I guess I am here for the long haul

When you pair Wanikani with other Japanese studying resources (Genki, BunPro, Tae Kim’s guide to Japanese grammar, etc. etc.) everything will build together and help you recognize many different things over time.

I will warn you, at least with my copy of Genki (from years ago), they don’t always give you the Kanji for vocabulary in the beginning, but slowly integrate it into further chapters in the book. So at the beginning, you’ll use a lot of Romaji and hiragana/katakana (which helps with wanikani readings at least) A lot of beginning vocabulary in this book also pertains to school life because that is usually when people start using it, but I would still say it’s a very good book to start out with. The listening and writing exercises are especially good practice, and if you like Kanji you can get the Kanji workbook that goes along with it for more example sentences (it’s yellow).

Enjoy the journey! :slight_smile:


Definitely. It’s generally only the really common kanji that have more than 2 or 3 readings.

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Thanks and that is good to hear. I have noticed that WK primarily focuses on on’yomi readings, while a lot of the first readings you see in vocab are the kun’yomi readings. Does that change soon?

I am reading some of the beginner stuff for Tae Kim and Cure Dolly, and plan on using Genki along with it. Out of curiosity, does anyone use が to denote the subject of a sentence.

I’m not amazing at grammar but が is mentioned as a subject marker in the Basic Dictionary of Japanese Grammar that I have and generally changes to は after you (and the listener) are aware of the subject (from my understanding…o.o)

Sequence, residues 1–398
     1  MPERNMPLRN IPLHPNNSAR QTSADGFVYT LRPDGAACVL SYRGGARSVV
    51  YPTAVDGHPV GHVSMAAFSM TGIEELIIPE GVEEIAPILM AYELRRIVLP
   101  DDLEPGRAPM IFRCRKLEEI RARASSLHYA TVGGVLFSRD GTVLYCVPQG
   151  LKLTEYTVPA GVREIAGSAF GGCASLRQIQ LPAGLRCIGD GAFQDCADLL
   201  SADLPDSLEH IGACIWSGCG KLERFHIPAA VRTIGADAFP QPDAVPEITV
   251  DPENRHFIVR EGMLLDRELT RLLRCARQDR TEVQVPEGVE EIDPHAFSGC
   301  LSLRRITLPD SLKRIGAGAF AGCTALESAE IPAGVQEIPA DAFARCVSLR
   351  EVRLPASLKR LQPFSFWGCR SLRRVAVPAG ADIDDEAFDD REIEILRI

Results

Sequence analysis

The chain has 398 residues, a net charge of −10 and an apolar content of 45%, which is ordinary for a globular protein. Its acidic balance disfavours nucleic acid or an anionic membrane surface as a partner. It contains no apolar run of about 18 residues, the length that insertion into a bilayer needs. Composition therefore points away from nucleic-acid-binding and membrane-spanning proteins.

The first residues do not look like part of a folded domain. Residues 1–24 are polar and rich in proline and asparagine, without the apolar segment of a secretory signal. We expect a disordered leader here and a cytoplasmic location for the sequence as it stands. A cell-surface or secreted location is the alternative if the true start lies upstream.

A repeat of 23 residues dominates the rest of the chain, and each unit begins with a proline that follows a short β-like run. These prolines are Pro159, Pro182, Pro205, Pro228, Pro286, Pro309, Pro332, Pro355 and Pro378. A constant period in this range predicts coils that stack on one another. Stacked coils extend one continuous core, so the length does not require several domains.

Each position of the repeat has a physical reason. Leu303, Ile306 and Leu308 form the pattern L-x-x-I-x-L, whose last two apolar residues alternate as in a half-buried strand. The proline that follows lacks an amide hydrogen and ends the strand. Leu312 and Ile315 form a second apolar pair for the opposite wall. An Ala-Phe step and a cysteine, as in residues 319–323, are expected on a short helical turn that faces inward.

Don’t quote me on any of that though! haha…

If you are referencing speaking, I don’t always hear all the particles as I’m usually trying to understand the conversation topic or subject generally XD

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You should be able to do so, but to make it much easier for yourself, I do recommend installing some of the userscripts you can find in the API and 3rd party app section in the forum. For example the

That will make it much easier to recognize the patterns for on’yomi.

Good luck with your studies! ^^

Thank you very much.

Yes, by level 42nd I was being hit with 300 reviews a day… :frowning:

I am guessing that it is even with keeping the apprentice items <100? I will say there are times I definitely wish I didn’t have to do all of my reviews at once (break them into chunks of 25 or so), since I know when I get up in the morning I usually have a pile of reviews with my name on them.

Now that I think about it, there’s also a rendaku-script that explains if something gets rendaku’d or not. I installed it so late, that by then I was pretty good at guessing it anyway. But, yeah, that also helps during lessons. :slight_smile:

Welcome! You can do it :slight_smile:

I’m not that far ahead of you but I’m on my third attempt so I’ve been doing this on and off for 5 years :grinning: Some quick pointers from me:

  • Do pay attention to the mnemonics - Ive met people before trying to memorise Kanji without it and it sounds like a nightmare
  • Try to also pay attention to the little details within a kanji. I’m guilty of rushing them myself but then I’ve heard that after a while there are a lot that look very similar so its easy to mix them up if you don’t know them well